The connection between proofing photocopies (which just don't work that way -- you can get a smudge, but you CANNOT get the wrong character) and mistrusting Internet reliability (which CAN go down and DOES go down, albeit rarely) is specious. One is not understanding, and the other is understanding and knowing damn well that there are vulnerabilities.

    This is puffery.
    • I agree, regarding the poor analogy in TFA. People's mistrust of Internet reliability is more akin to the mistrust of optical character recognition rather than photocopying. Does/would anyone not proofread important documents scanned and interpreted by their OCR software?

      Although it's been awhile, some of us do remember outages at MAE-West (1998 [wired.com], 2000 [com.com], for example) which slowed the Internet to a crawl for many people. So, that mistrust is not without basis.

      Most importantly, though, it's not just availabilit
  • There's a fundamental difference in the basis of trust/distrust. We trust the power grid because the power company's a financially-stable entity that's not going to close it's doors tomorrow, and because we have a contractual relationship with them (that bill we pay every month). They're going to suffer financial and legal consequences if they just stop providing power for any length of time. And even at that, those of us who depend on having power don't put all our trust in the power company. Three words:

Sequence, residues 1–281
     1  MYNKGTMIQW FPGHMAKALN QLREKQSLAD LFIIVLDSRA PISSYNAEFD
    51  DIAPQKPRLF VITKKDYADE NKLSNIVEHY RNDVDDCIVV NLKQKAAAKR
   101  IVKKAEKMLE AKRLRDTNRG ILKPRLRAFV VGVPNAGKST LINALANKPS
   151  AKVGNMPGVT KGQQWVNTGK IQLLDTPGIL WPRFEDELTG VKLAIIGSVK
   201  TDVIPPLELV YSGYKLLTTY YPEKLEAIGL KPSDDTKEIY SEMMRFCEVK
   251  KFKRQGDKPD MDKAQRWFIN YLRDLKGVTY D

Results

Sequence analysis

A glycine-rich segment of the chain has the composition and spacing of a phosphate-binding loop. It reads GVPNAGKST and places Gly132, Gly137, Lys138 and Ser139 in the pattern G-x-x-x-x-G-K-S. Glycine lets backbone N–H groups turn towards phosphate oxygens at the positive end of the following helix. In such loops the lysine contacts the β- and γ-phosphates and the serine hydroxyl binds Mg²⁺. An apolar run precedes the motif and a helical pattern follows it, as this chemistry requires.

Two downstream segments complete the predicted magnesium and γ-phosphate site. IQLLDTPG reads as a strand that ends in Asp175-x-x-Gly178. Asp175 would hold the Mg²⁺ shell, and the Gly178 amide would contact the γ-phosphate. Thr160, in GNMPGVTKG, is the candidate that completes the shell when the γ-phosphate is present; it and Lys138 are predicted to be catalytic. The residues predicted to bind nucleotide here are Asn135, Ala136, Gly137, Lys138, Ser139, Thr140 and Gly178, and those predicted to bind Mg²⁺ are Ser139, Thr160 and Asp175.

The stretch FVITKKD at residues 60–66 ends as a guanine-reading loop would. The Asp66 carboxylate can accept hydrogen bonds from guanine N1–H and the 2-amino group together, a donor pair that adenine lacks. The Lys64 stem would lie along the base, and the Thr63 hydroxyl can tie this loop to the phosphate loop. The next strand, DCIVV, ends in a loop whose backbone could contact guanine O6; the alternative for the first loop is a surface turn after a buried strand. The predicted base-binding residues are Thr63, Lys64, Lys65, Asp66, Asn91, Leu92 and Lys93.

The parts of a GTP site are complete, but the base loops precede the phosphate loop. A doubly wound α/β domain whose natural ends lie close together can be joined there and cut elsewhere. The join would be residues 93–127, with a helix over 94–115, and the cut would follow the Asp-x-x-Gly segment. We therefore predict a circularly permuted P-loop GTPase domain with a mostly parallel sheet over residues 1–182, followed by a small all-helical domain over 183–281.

• I'm 54 and I'm not old enough to remember photcopiers being new, but you know, they still screw up! I've had originals shredded by a photocopier, haven't you ever? I've had them copy half a page, etc. If I copy a stack of paper, I make sure I have all the pages, because I've been burned by NOT checking.

    The fact is, no technology, old or new, is perfect. I'm sure there were a few people who thought the machine "retyped it" like a secretary, but they were used to secretaries! It's like today with computers, s
  • Outages are not the main reason to distrust web service providers.

    Privacy is.

    And that is the reason I don't use them as much as possible.

  • reliable technology (Score:2, Interesting)

    by rpax9000 ( 916267 )